Thank you so much for your help. The R1, R2,R3 are connected to different parts of the schematic so i assumed since they play no effect in affecting the signal coming through to node6, i can just ignore them since it will be troublesome and heavy on the circuit to input all of them together. BUt, if you want, i can put them all through one circuit and put it here.

Thanks again!
 

Ratchit

Well-Known Member
#7
can i get some help on that?


additionally, issit possible for me to just and calculate an overall value based on the capacitor and inductors used and calculate their cutoff freq using
1/2pi(sqrt L and C).
NO, you must use calculate the currents coming/going from/to each node. That means doing a node analysis. You can combine parallel capacitors between each node, however. Use a computer to do the grit work.

Thank you so much for your help. The R1, R2,R3 are connected to different parts of the schematic so i assumed since they play no effect in affecting the signal coming through to node6, i can just ignore them since it will be troublesome and heavy on the circuit to input all of them together. BUt, if you want, i can put them all through one circuit and put it here.

Thanks again!
If those resistors are connected to some low impedance point, then they probably will affect the filter output. You can determine the difference by running the calculations with the resistors first grounded and then open.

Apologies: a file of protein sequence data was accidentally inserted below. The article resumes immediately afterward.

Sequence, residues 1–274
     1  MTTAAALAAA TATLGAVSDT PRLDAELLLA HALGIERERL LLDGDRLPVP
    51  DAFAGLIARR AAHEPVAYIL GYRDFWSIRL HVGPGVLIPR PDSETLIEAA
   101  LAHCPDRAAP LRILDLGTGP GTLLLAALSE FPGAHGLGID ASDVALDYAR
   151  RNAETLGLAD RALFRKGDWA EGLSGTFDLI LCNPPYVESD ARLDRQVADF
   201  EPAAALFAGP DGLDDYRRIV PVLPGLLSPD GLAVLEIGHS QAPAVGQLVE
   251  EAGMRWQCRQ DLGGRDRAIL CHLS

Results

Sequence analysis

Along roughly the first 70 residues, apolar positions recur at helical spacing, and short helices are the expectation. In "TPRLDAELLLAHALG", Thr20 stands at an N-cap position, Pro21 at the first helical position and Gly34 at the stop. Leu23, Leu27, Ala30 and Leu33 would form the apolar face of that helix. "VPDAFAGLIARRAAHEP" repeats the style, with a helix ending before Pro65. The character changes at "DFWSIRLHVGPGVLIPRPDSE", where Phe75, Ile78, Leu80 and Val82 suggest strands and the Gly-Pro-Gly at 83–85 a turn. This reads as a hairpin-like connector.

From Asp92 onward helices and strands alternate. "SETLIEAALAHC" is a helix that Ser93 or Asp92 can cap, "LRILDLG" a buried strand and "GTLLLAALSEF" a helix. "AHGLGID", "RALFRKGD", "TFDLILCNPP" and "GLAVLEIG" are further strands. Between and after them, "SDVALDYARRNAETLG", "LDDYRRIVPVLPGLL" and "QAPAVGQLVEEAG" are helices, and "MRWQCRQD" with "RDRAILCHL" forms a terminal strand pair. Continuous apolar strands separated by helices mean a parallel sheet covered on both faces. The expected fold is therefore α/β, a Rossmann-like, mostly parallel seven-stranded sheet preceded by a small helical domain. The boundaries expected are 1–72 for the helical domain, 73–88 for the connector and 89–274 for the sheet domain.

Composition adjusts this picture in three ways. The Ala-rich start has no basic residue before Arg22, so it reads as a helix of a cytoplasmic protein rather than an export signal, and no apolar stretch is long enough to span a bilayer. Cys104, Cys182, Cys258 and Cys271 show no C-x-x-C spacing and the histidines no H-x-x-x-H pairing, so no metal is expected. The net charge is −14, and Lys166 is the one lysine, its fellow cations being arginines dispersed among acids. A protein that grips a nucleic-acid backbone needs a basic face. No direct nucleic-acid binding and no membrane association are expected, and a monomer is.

Ratch
 
Thread starter #8
NO, you must use calculate the currents coming/going from/to each node. That means doing a node analysis. You can combine parallel capacitors between each node, however. Use a computer to do the grit work.



If those resistors are connected to some low impedance point, then they probably will affect the filter output. You can determine the difference by running the calculations with the resistors first grounded and then open.

Ratch
Hi! Thanks for your help!

Unfortunately, I am really shoddy in my understanding of what you just said sorry!

Is it possible for you to explain further in detail what you meant?

i have attached the full schematic look on LTSpice for your reference!

1539145896244.png
 

Ratchit

Well-Known Member
#9
Now you got me confused. In first schematic, you show R4 going to a capacitor. In the second schematic R4 goes to a coil. I think it is best if you use the Spice program to determine the voltages and currents. The circuit is too complicated for manual calculation unless you can first determine where you can separate the various parts of the circuit where they do not interact with other.

Ratch
 
Thread starter #10
Now you got me confused. In first schematic, you show R4 going to a capacitor. In the second schematic R4 goes to a coil. I think it is best if you use the Spice program to determine the voltages and currents. The circuit is too complicated for manual calculation unless you can first determine where you can separate the various parts of the circuit where they do not interact with other.

Ratch
Ahh sorry the schematic at the start is just now at a different node as compared to the overall circuit.

So for what you mentioned, should i do an AC analysis or a transient analysis with a voltage source of 1V?

Following that, how should i proceed though? So sorry for the many questions i am at my wits end with regards to this

Thank you so much again
 

JimB